The economy just experienced its fastest three months of growth in U.S. history.
In the third quarter, from July to September, GDP climbed 33.1% on an annualized basis, according to data released Thursday by the U.S. Bureau of Economic Analysis.
This historic climb follows the U.S. record 31.4% annualized GDP decline in the second quarter, and the 5% annualized decline in the first quarter. During that period economists around the world were in panic and questioning if the United States—as well as the rest of the world—were on the cusp of an economic depression. But once states began to ease lockdown restrictions in the summer, the U.S. economy sprung from deep contraction to high growth.
It’s the last major piece of economic data before Election Day, and President Trump was quick to celebrate the numbers.
But we’re still in the hole. Over the course of the first two quarters, annualized U.S. GDP fell from $21.8 trillion to $19.5 trillion. In the third quarter that swung back up to about $21.2 trillion.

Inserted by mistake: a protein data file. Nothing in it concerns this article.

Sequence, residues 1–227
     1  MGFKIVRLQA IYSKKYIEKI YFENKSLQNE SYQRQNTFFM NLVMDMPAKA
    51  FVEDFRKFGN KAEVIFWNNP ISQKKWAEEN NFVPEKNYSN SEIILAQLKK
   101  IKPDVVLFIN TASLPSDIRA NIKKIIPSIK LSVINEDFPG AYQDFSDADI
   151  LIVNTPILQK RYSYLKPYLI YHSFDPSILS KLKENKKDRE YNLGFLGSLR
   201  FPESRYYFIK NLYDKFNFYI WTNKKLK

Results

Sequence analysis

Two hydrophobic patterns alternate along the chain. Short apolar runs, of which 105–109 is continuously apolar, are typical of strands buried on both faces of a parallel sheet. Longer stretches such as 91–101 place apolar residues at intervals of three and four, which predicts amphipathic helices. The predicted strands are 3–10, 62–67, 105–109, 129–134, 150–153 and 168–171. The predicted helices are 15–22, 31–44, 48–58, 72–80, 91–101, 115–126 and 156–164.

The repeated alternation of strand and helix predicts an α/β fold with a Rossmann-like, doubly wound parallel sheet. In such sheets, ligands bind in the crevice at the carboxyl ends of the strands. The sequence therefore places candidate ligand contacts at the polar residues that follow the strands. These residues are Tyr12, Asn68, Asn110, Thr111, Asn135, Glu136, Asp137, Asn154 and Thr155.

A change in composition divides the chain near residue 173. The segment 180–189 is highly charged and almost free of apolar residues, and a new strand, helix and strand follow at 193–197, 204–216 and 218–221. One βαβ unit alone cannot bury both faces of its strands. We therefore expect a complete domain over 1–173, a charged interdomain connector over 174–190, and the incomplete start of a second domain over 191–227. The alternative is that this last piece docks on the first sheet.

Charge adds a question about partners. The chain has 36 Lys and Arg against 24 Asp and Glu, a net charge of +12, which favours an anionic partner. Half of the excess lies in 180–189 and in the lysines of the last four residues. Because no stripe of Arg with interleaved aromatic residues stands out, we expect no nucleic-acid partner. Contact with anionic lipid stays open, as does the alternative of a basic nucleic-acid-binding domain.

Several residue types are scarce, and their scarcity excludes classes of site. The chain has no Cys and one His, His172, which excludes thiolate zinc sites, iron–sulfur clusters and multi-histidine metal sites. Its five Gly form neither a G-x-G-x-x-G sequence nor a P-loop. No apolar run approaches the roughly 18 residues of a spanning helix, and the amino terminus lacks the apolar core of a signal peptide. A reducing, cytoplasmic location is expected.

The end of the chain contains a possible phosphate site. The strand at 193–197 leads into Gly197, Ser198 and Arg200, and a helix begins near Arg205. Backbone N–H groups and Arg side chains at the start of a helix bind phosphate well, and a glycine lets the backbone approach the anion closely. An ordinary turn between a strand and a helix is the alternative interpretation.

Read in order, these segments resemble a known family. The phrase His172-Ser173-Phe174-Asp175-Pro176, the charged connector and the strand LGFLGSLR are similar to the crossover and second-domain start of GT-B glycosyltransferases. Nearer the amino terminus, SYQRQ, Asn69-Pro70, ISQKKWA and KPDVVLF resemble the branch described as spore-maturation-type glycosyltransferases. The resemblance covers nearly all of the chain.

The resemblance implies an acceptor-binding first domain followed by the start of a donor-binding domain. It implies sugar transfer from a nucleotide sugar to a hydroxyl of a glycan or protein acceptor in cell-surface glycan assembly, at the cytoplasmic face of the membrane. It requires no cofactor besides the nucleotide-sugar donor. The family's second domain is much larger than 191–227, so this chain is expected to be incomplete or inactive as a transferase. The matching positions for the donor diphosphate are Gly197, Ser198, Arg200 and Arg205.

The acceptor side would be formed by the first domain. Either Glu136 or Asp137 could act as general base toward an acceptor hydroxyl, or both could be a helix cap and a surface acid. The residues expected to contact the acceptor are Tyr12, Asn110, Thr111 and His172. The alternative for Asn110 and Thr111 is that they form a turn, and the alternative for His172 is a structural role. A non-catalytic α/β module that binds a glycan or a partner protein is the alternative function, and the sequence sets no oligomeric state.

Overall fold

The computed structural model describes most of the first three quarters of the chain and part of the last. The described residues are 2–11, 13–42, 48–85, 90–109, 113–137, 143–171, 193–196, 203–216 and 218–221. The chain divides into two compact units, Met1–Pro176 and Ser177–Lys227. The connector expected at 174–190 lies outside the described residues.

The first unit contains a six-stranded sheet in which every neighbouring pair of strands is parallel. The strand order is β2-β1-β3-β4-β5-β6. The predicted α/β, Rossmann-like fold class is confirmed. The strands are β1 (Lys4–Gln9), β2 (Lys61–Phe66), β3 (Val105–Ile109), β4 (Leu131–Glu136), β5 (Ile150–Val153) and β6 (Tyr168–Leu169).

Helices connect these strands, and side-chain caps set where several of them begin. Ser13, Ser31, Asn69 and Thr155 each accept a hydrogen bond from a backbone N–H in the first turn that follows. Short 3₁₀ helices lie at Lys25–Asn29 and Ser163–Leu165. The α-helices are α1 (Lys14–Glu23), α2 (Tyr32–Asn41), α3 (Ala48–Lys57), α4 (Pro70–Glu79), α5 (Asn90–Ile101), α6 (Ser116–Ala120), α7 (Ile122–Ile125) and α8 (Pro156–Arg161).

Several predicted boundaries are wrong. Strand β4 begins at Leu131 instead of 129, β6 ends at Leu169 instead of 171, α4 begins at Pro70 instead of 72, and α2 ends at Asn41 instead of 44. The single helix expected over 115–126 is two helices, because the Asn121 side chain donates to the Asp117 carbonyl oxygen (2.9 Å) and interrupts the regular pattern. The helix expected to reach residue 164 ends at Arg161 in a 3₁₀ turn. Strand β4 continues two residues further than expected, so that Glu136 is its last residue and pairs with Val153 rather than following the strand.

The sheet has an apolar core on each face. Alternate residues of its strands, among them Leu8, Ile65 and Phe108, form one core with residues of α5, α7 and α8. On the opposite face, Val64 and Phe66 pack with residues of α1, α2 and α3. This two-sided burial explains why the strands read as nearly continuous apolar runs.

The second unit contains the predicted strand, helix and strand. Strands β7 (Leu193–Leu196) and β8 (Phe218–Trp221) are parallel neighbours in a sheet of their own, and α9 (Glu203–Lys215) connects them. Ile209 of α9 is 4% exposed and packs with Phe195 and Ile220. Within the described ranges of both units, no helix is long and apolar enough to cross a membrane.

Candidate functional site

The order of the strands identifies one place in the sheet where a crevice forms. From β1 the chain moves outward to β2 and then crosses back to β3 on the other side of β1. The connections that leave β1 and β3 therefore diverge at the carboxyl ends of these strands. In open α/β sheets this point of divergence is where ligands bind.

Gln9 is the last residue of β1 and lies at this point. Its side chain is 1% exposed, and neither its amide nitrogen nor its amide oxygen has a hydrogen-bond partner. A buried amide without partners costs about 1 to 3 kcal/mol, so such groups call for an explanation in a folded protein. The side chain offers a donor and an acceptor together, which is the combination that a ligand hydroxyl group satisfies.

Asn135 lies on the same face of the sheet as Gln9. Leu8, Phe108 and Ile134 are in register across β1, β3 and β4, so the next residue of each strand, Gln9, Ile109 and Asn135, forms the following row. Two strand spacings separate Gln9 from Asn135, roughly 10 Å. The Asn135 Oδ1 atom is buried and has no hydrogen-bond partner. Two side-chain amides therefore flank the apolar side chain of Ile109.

And the easy economic gains are over. When states reopened this summer, jobs at places of business without mass crowds, like dental offices and barber shops, returned quickly. In all, 11.4 million jobs have returned since May. But with the pandemic still raging across the nation, businesses like hotels and event venues are far from pre-pandemic employment levels. Indeed, the economy is still down 10.7 million jobs, including 3.8 million in leisure and hospitality.
“The fourth quarter numbers may tell a less robust story, exposing the tenuous nature of this recovery. The lagged effects of fiscal support provided through the CARES act are fading at a time when COVID cases are surging,” wrote Madhavi Bokil, vice president of Moody’s Investors Service, following the GDP release.
But while GDP is seeing something closer to a V-shaped recovery—bouncing back nearly as fast as it fell—that isn’t the case for U.S. employment. The U.S. added 661,000 jobs in September. If that pace were to continue, it would take over 16 months—into 2022—to recover all the jobs lost during the COVID-19 recession. The issue? That pace of hiring is expected to slow further, meaning a full employment recovery could take until 2023 or longer.
It’s often said that the stock market isn’t the economy. But it’s also true that the economy—or at least GDP—isn’t us.
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